How can we turn the power of money into power for the many? How can we create mutual trust and stand together to shape more humane societies? How can we give in a way that transforms both the recipient and the donor? Do we dare to try something new?
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„I’m reclaiming my blackness, which I feel is continuously performed by the privileged other. Just like our ancestors, we live as black people 365 days a year, and we should speak without fear.“ (Muholi)
The book begins with philanthropist Ise Bosch discussing her own socialization, her inheritance, and how she formed her own political views. She didn’t only inherit money, she inherited an idea… Justus Eisfeld and Claudia Bollwinkel show how effective transformative philanthropy can be and enlist the voices of individuals who have personal experience of Bosch’s approach. Justus Eisfeld draws on interviews he conducted with those individuals in the United States, Germany, and South Africa, while Claudia Bollwinkel analyzes what Dreilinden’s funding activities have achieved in the past ten years.
With an introduction by Michael Alberg-Seberich.
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“Societies become more humane and stronger when gender roles are less strictly binary and less hierarchical,” says Ise Bosch. Social movements around the world that champion the rights of lesbian, gay, bisexual, trans, intersex, and queer people are altering power relationships around the world. Giving with trust creates a sustainable foundation for fostering that development.
Photo: © No Tengo Miedo
What does “solidarity” mean? If solidarity is a voluntary feeling of unity within a group, then respectful giving and taking are the core idea at the heart of solidarity. This is what is called horizontal giving. When things are shared this way, a special kind of power can evolve.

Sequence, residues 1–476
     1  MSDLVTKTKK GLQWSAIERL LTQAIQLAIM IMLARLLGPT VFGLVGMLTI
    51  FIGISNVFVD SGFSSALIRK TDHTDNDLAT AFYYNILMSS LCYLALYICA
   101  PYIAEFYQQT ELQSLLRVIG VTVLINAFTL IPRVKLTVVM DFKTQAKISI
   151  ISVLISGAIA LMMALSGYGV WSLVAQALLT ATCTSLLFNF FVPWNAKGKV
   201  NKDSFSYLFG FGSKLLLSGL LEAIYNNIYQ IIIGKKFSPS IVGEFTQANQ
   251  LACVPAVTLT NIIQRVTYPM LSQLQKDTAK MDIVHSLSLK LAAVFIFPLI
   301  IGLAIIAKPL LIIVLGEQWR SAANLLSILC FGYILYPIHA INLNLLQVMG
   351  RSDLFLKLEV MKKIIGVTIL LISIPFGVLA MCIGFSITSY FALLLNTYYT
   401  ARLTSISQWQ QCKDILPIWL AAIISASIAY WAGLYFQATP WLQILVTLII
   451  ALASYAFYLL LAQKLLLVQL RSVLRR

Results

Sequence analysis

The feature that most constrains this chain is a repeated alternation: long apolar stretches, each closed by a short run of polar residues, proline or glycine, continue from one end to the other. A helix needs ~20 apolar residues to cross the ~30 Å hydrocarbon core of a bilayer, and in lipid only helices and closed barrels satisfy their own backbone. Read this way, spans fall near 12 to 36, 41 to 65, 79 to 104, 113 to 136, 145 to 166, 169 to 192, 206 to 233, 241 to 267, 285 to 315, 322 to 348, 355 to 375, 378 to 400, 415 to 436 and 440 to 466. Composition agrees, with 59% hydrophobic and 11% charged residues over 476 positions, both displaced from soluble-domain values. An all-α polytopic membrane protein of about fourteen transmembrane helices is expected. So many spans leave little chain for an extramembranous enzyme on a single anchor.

Photo: Ise Bosch with Bob Alotta, executive director of the Astraea Lesbian Foundation for Justice. © Elias Gurrola
“Ise Bosch is a philanthropist who has travelled the distance. During my career leading a foundation, teaching about philanthropy and now editing Alliance magazine, I’ve wondered whether there is such a thing as ultimate philanthropy? What might it look like? How might it be practiced? For a glimpse, read this book.”
Alliance Magazine, London
“Bosch’s thinking will resonate with anyone looking to transform the way they think about themselves, power, and their giving. She shares her compelling personal journey, and in so doing convincingly illustrates how one person can make a huge difference working collaboratively with others. Combining vision, thoughtful risk taking, and practical guidance, Bosch shows us how trust is a much-needed bridge between and among individuals, institutions, and movements. Her unassuming leadership gifts us with a pathway to a truly transformative philanthropy.”
Katherine Acey, lesbian feminist, human rights activist and philanthropist
“This book explains what enlightened giving is, and how it is possible to pursue philanthropy in a critical, reflective way. All too often, philanthropy is regarded disparagingly, as some people fear that the existence of private donations and foundations could exonerate the state of its social and political obligations. But this book about the life’s work of Ise Bosch and her charitable fund Dreilinden shows the decisive impact philanthropy can have in the fields of social justice and international human rights by drawing attention to those people and those issues that are all too frequently ignored and forgotten.”
Carolin Emcke, author and journalist
Winner of the 2016 Peace Prize of the German Book Trade
Ise Bosch speaks about her personal definition of transformative philanthropy, her relationship to “giving”, the role of trust, impact and power consciousness. Check out the recently published Podcast: A conversation between Michael Alberg-Seberich and Ise Bosch about 20 years of philanthropic involvement.
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